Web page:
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  • The Hidden Dangers Of Shoddy Moderation And Toxicity

    [05.05.22]
    - Janne Huuskonen

  • Sponsors and brands don't want to associate with toxic communities

    As player numbers continue to swell, gaming has become the perfect environment for advertisers to reach wider audiences than ever. Courting high-profile partnerships and collaborating with well-known brands has become a big part of the business of games. From in-game fashion items and movie launches to exclusive limited-time events - who wouldn't want to wield Thanos' Infinity Gauntlet in Fortnite?

    But without the right moderation strategy in place, brands won't want to collaborate with a specific game if it's well-known for toxicity, as it could tarnish their reputation by association.

    This is even more pressing in competitive gaming, much like traditional sports sponsorship is a key revenue stream, with as much as 50% of Esports revenue coming from it. Activision Blizzard's ongoing struggles have also seemed to lead T-Mobile to pull sponsorship for the Call of Duty and Overwatch professional Esports leagues, and depending on the result of the active lawsuit against it - others could follow. So it's vital the major platforms in Esports look to the right moderation tools, to protect their interests and appeal to the widest variety of brands possible, without having toxic players, fans or even bots put off potential business partners.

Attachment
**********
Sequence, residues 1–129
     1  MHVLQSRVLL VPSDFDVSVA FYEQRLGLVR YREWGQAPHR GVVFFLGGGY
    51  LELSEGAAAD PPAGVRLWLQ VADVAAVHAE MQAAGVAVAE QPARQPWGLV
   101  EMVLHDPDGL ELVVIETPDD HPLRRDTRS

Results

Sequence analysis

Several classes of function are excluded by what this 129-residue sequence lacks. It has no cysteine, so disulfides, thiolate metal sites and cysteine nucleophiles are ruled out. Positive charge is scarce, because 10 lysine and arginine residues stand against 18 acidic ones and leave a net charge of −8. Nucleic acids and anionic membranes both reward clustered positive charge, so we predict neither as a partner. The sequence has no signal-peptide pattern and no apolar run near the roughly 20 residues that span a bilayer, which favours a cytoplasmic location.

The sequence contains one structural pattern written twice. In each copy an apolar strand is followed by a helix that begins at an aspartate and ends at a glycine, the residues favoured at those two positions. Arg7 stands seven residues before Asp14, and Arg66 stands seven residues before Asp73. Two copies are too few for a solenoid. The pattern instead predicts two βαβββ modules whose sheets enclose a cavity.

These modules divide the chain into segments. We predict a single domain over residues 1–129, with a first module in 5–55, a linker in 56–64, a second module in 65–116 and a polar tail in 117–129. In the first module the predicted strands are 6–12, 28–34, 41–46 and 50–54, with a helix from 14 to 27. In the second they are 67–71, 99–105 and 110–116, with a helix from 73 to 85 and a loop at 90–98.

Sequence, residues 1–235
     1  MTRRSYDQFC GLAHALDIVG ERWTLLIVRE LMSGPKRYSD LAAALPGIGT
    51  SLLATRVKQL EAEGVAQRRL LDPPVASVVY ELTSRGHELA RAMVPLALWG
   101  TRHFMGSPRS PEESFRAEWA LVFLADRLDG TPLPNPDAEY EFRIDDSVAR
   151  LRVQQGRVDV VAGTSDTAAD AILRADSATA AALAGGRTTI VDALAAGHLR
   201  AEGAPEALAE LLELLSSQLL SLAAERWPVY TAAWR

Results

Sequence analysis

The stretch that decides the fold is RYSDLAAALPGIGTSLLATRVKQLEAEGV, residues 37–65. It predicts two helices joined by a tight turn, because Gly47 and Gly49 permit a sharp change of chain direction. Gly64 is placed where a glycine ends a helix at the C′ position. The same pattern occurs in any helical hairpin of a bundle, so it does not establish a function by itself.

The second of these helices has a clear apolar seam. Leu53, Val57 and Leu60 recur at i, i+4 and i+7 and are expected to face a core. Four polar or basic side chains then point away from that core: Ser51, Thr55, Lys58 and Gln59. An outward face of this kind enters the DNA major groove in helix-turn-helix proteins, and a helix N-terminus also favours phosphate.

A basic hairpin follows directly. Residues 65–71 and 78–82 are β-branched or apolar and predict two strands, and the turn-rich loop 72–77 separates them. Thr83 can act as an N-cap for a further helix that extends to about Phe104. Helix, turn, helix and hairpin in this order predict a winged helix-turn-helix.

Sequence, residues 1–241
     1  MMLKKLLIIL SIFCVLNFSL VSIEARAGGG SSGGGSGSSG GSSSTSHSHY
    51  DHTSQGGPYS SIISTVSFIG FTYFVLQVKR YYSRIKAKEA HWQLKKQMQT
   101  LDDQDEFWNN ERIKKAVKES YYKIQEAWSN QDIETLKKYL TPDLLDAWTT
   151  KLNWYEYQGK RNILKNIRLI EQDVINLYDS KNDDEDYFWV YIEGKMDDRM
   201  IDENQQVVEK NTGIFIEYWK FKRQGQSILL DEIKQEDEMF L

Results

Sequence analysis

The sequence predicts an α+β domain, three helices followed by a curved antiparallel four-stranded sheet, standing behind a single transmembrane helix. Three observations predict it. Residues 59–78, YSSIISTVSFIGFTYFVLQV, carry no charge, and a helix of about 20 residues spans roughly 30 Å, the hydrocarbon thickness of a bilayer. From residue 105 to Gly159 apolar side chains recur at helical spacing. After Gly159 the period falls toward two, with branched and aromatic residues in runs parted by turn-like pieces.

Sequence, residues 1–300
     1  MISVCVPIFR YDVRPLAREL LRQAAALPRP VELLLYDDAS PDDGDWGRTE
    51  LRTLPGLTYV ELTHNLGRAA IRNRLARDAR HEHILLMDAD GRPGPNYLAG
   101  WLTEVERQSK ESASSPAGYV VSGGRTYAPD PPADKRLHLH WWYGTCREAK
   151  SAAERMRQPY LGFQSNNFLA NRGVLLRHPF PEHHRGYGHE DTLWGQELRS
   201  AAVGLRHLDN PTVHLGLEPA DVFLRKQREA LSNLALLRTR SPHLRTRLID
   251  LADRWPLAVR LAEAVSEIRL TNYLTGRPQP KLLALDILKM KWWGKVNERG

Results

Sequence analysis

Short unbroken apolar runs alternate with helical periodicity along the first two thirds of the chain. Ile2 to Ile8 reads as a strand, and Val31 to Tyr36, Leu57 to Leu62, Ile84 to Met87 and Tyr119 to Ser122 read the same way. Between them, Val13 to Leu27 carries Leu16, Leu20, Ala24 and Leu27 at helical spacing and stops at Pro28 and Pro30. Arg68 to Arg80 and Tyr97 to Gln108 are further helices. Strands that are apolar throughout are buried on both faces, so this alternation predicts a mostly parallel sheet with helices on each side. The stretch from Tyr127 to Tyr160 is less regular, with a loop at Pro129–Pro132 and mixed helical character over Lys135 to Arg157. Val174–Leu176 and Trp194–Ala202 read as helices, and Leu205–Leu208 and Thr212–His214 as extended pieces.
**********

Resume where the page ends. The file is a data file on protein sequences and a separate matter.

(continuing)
That's not to say that major titles haven't been trying to stem the flow of hate speech in their communities. Industry leaders are grappling with how to better moderate and manage their communities. Discord acquired AI moderator Sentropy, Unity followed suit with its acquisition of voice chat moderator OTO, showing that calls for change are being heard. But it seems that many companies are still unsure of how to deal with the content management problem.

    Moderation needs to keep pace with the ways we now play games

    So how can game publishers make sure their communities are a safe place for players?

    Right now, moderation - if it's in place at all - is likely to be a combination of basic content filters, banned word lists and human moderation. Lots of games and platforms don't even have this, and instead, rely on the players themselves to report toxicity. It's no wonder so many gamers are reporting rising harassment and toxicity, if the approach to moderation is so woefully unprepared.

    We are now in an era of games as a service, where FortniteMinecraft and Roblox can have hundreds of millions of players across multiple platforms, and console owners can stream their games to a mobile phone or smart TV. The way we moderate games and safeguard players must fit with these models, and the only way that can be done is to use automation, AI and other technologies that can cope with the scale and complexity of the games industry as it is today and will be tomorrow.

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